McKinley Howard "Kenny" Dorham (August 30, 1924 – December 5, 1972)
Kenny Dorham's soft, energetic, be-bop style and confident, smooth lyrical playing has influenced countless musicians. One of the great trumpet pioneers of the bebop era, Kenny had the misfortune to play beneath the shadows cast by Gillespie, Fats Navarro, Clifford Brown and Miles Davis and has been scandalously undervalued in the jazz trumpet lineage. Eschewing the typical trumpeter's showmanship and flashiness, Dorham instead relied on his economical melodic logic in constructing poetic, lyrical improvisations with meaningful beginnings, middles, and ends.
His technique is also unique: Dorham chose to attack notes with his tongue, where most of his bebop contemporaries would slur for a more continuous flow. His clearly articulated lines had a singular running quality to them that fleetly pushed ahead of the time.
He worked with most of the giants of the music in the '40s and '50s, and continued to lead his own groups through the 60s. Many of his compositions have become jazz standards (Blue Bossa, Prince Albert, Lotus Blossom, Una Mas, Whistle Stop). He used to "ghost" many of his charts, which were published under the name of Walter "Gil" Fuller.
Kenny was born into a musical family on August 30th, 1924 in Fairfield, Texas. At age 7, he began piano lessons, switching to trumpet while attending high school in Austin. Dorham briefly attended Wiley College in Marshall, Texas, where he studied chemistry and physics while performing in the dance band alongside musicians such as trumpeter Wild Bill Davison, saxophonist Harold Land, and drummer Roy Porter. It was in this group that Dorham first began honing his arranging and compositional skills.
In 1942, he joined the army, becoming a member of their boxing team and in 1943, began working with trumpeter, Russell Jacquet, “Illinois” Jacquet’s older brother. He later moved to New York City, playing and singing with Dizzy Gillespie's band, as well as other groups, including Billy Eckstine, Lionel Hampton, and Mercer Ellington. He earned the nickname “Quiet Kenny” due to his quiet, subdued sound. Paradoxically, the fact that Dorham was nearly always the first-call replacement in all-star groups, which should be a testament to his talents, has led to a perception that he was a second-tier trumpeter, when nothing is farther from the truth. Dorham replaced Fats Navarro in Billy Eckstine's band in 1946 and replaced Miles Davis in Charlie Parker’s group from 1948 to 1950.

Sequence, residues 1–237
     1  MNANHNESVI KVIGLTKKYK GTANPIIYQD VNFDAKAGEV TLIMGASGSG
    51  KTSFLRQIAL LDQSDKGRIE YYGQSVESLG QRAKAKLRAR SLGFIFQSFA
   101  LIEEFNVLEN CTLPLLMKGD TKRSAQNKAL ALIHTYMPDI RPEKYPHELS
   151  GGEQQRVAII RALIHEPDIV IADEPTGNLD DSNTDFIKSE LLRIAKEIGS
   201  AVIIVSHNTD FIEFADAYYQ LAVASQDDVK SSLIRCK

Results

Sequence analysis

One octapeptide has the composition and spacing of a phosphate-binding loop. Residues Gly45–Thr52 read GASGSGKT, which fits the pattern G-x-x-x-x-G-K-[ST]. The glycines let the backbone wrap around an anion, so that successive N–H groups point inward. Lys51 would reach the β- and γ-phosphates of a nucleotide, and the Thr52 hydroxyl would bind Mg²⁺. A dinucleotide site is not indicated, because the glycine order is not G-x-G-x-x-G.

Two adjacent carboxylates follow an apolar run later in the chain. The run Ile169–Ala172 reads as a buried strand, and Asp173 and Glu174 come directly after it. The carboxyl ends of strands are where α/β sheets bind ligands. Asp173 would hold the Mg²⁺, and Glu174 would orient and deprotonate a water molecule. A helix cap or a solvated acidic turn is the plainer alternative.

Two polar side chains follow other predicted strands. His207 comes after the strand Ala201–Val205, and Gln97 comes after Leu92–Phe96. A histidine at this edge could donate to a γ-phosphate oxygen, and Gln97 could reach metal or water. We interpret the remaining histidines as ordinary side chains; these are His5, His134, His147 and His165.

In the early 50s, Kenny began playing in New York City, recording with Thelonious Monk in ’52, and became a founding member of the Jazz Messengers with Art Blakey and Horace Silver. He later replaced Clifford Brown in the Max Roach/Clifford Brown Quintet when Clifford was killed in an automobile accident. Dorham would occasionally lead his own groups, giving early exposure to such younger men as Bobby Timmons, Herbie Hancock, Joe Henderson, Charles Davis, Kenny Burrell, Butch Warren and Tony Williams.
He was very active in the late 50s and 60s, teaching at Lennox School of Jazz, leading and touring with his own groups, co-leading groups with Joe Henderson and Hank Mobley, and recording with Barry Harris, Cedar Walton, Jackie McLean, Eric Dolphy, Charles Mingus, and Sonny Rollins. During that time, Kenny recorded an impressive series of LP's under his own name for Blue Note. His best recordings include Whistle Stop and Una Mas for Blue Note and Jazz Contemporary for Time. He was also a thoughtful reviewer for Downbeat Magazine, was a consultant for the Harlem Youth Act anti-poverty program, and held a position on the board of the of the New York Neophonic Orchestra and attended college at NYU School of Music, teaching at the school. By 1970, his health began to seriously deteriorate and a kidney ailment forced him into fifteen hours of weekly dialysis at a local hospital. He died on December 5, 1972 of kidney failure.
Kenny Dorham Quintet 10-inch album (Debut 1954)
Afro-Cuban Holiday 10-inch album (Blue Note 1955)
Kenny Dorham's Jazz Prophets Volumes 1 & 2 (ABC-Paramount 1956)
'Round About Midnight At The Café Bohemia (Blue Note 1956)
Jazz Contrasts (Riverside 1957)
2 Horns, 2 Rhythm (Riverside 1957)
This Is The Moment! Kenny Dorham Sings And Plays (Riverside 1958)
Blue Spring (Riverside 1959)
Quiet Kenny (New Jazz 1959)
The Arrival Of Kenny Dorham (Jaro 1959)
Jazz Contemporary (Time 1960)
Showboat (Time 1960)
with Clark Terry Top Trumpets (Jazzland 1960)
The Swingers (Jazzland 1960)
Kenny Dorham And Friends (Jazzland 1960)
Osmosis (Black Lion 1961)
Ease It (Muse 1961)
Whistle Stop (Blue Note 1961)
West 42nd Street (Black Lion 1961)
Hot Stuff From Brazil (West Wind 1961)
Inta Somethin' - Recorded "Live' At The Jazz Workshop (Pacific Jazz 1962)
Matador (United Artists 1962)
Una Mas - One More Time (Blue Note 1963)
Scandia Skies (SteepleChase 1963)
Trumpet Toccata (Blue Note 1964)
New York 1953-56 (Landscape 1993)
The Complete "Round About Midnight At The Café Bohemia (Blue Note 2002)
Click below to view Kenny's youtube performances: